A DNP Project: Improving Skin-to-Skin in the O.R. Following a C-Section

2.50
Hdl Handle:
http://hdl.handle.net/10755/620406
Title:
A DNP Project: Improving Skin-to-Skin in the O.R. Following a C-Section
Author(s):
Horst, Joanna L.
Lead Author STTI Affiliation:
Non-member
Author Details:
Joanna L. Horst, RN, NEA-BC, joanna.horst@readinghealth.org
Abstract:
Session presented on Monday, September 19, 2016: Studies conducted for more than ten years have described how placing a newborn on their mother’s bare skin immediately following birth provides both physiologic and psychological benefits for the newborn and the mother (Moran-Peters, Zauderer, Goldman, Balerlein, & Smith, 2014, p. 296).  In a Cochrane review of thirty four studies it was demonstrated that skin to skin, (STS) contact immediately after delivery provides the newborn with improved stabilization of the heart rate, respiratory rate, blood oxygen saturation, blood glucose levels, and temperature consistency (Moore, Anderson, Bergman, & Dowswell, 2012, p. 5). A secondary outcome is when a mother and newborn were provided STS contact immediately after delivery is the improved outcomes with breast feeding rates (Moore et al., 2012, p. 12).  According to the World Health Organization (WHO), newborns have improved health outcomes when being fed exclusively with breast milk (Moran-Peters et al., 2014, p. 298). The American Academy of Pediatrics position on newborn feeding is that breastfeeding and human milk should be considered the normative feeding for newborns (American Academy of Pediatrics, 2012, p. 600).  In the Moore et al 2012 Cochran review, when newborns were placed STS after delivery the overall rate of breast feeding was both higher, and for longer duration than the mother newborn couplet who did not experience STS (Moore et al., 2012, p. 12). The experience of STS contact after vaginal delivery is consistently in the 70th percentile within our organization. However baseline data on chart reviews on all women who delivered by a C-section revealed that only 20% had STS in the O.R. in January 2016, and 24 % in February 2016.  This organization is not alone in this trend.  Research supports this trend in the United States, and the UK, with obstacles being identified as lack of interdisciplinary collaboration in the O.R. at the head of the bed with anesthesia, lack of support from the obstetrician performing the surgery, and nurses being more task focused than experience focused when in the OR (Gregson, Meadows, Teakle, & Blacker, 2016, p. 25). As part of a DNP EBP project the first goal was to identify barriers to STS in the O.R. Steps taken included chart audits, meeting with Labor & Delivery leadership and nursing staff. Meeting with shared governance counsels, speaking with nursing and scrub staff, and spending time in the O.R. and watching the C-sections learning the process and observing for barriers. Barriers identified and action steps taken included enhanced communication to clarify the expectation of when STS could occur in the OR. Refocusing staff nurses to the experience of STS after a C-section. Setting realistic time frames and documentation consistency have all improved the C-section STS rates.  The outcome measurements are not yet complete however, the outcomes to date for April 2016 outcome demonstrated a STS rate in the O.R. as 50% which is a 30% improvement from this project. Lessons learned is that sometimes leaders need to get back in scrubs, get back to the bedside to fully understand why best practices are not being implemented. Also, acknowledgement of the many tasks bedside nurses are expected to perform and document which can distract from the patient experience. Next steps are to continue monthly data collection. Offer reminders at huddles and staff meetings to enhance the patient experience through shared communication. In the future STS will continue to be a focus and will be correlating STS with exclusive breastfeeding rates.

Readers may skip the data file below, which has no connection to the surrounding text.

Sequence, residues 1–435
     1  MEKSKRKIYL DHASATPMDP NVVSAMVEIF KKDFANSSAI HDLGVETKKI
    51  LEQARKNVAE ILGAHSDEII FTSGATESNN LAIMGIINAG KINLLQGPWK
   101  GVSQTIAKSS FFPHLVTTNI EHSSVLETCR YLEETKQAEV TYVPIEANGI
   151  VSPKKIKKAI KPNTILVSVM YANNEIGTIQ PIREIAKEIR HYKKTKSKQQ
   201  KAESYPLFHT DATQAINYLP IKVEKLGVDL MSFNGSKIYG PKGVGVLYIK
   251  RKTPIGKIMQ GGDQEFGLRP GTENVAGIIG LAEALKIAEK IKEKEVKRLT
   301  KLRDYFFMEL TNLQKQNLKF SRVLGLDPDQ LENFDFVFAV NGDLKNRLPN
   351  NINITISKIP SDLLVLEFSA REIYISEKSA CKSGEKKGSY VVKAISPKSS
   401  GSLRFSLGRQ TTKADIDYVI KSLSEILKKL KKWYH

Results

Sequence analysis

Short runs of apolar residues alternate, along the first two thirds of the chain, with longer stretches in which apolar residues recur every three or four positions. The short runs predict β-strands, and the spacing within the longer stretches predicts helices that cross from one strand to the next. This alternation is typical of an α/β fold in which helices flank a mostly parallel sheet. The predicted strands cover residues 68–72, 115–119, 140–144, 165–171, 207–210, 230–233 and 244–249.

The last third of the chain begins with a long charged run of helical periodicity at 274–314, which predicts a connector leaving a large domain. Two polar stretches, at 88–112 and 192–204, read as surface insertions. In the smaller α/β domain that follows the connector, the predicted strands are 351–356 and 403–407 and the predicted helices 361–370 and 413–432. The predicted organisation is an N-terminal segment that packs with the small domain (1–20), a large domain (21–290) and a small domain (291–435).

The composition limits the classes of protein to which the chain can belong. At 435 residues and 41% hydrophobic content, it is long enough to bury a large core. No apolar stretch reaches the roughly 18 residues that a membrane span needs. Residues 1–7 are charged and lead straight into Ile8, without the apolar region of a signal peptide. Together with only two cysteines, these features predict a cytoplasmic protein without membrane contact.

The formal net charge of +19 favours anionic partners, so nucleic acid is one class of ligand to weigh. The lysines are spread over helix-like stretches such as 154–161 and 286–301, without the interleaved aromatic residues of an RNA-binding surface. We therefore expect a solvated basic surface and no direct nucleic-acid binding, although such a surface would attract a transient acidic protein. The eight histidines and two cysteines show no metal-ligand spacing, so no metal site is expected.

Keywords:
Skin-to-skin in the O.R.; Leading by observing; Barriers to change
Repository Posting Date:
16-Sep-2016
Date of Publication:
16-Sep-2016
Other Identifiers:
LEAD16PST128
Conference Date:
2016
Conference Name:
Leadership Connection 2016
Conference Host:
Sigma Theta Tau International
Conference Location:
Indianapolis, Indiana, USA
Description:
Leadership Connection 2016 Theme: Personal. Professional. Global. Held at the Marriott Downtown, Indianapolis.

Full metadata record

DC FieldValue Language
dc.language.isoen_USen